Any good creative producer will tell you their goal is to create something better than they did before. That’s not too hard of an ask. Is it?
You’re detail-focused and you have great taste so you set high expectations for your creative work. But, sometimes you see your work as subpar and it can be easy to get stuck in your tracks. You may, on occasion, stop yourself from publishing something or even creating anything at all.
It looks something like this.
- Get inspired
Pull up your design brief, scroll through the internet and get inspired.
- “I can do that.”
Think to yourself: “Hey, I can do something like that.”
Pour your heart and soul into creating that thing.
Share that thing!
- External Validation
Wait for the 👍❤️ and positive feedback to come back.
Get disappointed in yourself. Begin to doubt your skills. Resent the time you spent on producing that thing.
- Paralysis. 😶
Look about right?
If you’re a creative person like me, you’ve probably experienced this before.
Why do some people set such high expectations on themselves? Expectations so unreasonably high that it crushes their spirits when they’re unable to achieve the results they are hoping for?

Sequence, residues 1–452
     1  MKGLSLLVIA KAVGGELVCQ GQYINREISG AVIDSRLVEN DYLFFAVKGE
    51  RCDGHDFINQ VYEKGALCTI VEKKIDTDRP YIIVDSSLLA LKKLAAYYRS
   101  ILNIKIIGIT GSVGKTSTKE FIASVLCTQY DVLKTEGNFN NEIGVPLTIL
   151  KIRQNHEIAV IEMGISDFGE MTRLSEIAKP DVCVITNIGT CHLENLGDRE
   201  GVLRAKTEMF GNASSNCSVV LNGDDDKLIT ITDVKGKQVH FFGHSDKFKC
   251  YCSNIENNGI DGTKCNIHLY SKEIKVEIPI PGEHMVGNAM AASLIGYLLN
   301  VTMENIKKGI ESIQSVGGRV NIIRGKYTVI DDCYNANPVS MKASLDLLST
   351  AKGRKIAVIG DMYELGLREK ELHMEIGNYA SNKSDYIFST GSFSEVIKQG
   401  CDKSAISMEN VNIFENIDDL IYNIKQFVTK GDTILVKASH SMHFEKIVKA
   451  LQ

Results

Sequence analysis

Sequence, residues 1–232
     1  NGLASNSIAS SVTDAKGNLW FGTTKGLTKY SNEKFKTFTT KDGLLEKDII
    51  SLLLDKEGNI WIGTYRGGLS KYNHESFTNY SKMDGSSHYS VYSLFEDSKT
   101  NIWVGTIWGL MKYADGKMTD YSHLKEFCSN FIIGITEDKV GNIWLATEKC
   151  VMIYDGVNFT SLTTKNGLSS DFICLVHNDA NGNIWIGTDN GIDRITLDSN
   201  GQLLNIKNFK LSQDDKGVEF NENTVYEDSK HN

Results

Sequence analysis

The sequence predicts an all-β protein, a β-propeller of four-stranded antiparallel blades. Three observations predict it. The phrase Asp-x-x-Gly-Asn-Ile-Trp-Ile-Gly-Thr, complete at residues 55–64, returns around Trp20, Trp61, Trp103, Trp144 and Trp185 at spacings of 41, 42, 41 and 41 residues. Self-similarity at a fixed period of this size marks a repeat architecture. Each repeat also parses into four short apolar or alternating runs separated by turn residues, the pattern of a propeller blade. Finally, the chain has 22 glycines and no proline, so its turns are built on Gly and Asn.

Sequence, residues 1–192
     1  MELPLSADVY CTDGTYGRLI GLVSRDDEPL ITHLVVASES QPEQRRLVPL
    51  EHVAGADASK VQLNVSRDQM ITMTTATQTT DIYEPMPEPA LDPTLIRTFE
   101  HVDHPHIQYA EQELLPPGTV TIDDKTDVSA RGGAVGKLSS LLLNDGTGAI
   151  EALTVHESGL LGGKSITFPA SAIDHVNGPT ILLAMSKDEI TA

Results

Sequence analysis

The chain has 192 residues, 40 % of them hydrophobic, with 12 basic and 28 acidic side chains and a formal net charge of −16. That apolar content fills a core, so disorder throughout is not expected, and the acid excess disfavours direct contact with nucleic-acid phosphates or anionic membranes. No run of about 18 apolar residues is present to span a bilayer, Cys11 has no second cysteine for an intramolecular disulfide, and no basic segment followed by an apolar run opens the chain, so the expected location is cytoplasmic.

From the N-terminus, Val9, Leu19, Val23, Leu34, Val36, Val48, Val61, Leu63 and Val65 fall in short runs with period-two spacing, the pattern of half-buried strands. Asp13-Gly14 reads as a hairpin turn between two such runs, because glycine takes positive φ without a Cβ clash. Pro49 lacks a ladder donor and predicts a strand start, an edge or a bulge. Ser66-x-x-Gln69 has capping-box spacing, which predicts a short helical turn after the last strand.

I call these people “Imperfect Perfectionists”. You might be one of them. You’re not alone.
Ira Glass, the host and executive producer of the popular National Public Radio show, This American Life once described the struggle to create something noteworthy as follows:
“All of us who do creative work, we get into it because we have good taste. But it’s like there is this gap. For the first couple years that you’re making stuff, what you’re making isn’t so good. It’s not that great. It’s trying to be good, it has ambition to be good, but it’s not that good.
But your taste, the thing that got you into the game, is still killer. And your taste is good enough that you can tell that what you’re making is kind of a disappointment to you. A lot of people never get past that phase. They quit.
Everybody I know who does interesting, creative work they went through years where they had really good taste and they could tell that what they were making wasn’t as good as they wanted it to be. They knew it fell short. Everybody goes through that.”
So what’s the solution? Here are a few things to hopefully help motivate you to keep creating.
- Never forget what got you here in the first place.
When you find yourself in this frustrating limbo, the challenge is to never forget what got you there in the first place. Remember that thing that got you pumped and into the game.
- Don’t set unreasonably high expectations.
It’s easier to recognize beauty than it is to create it.
- Stay Calm, Create on.
Don’t get caught up by perfection paralysis. Commit to the process and you’ll become good enough, soon enough. Put in a volume of work. Close the gap. Can you build the habits required to make small improvements day after day?
But what if design isn’t your thing? The principle remains the same.
If you’re a small business owner that understands the importance of consistent creative content, but without the knowledge or resources a designer would have, stop spinning your wheels. If you’re not passionate about it and you would rather spend your valuable time in the business rather then on business, there’s help.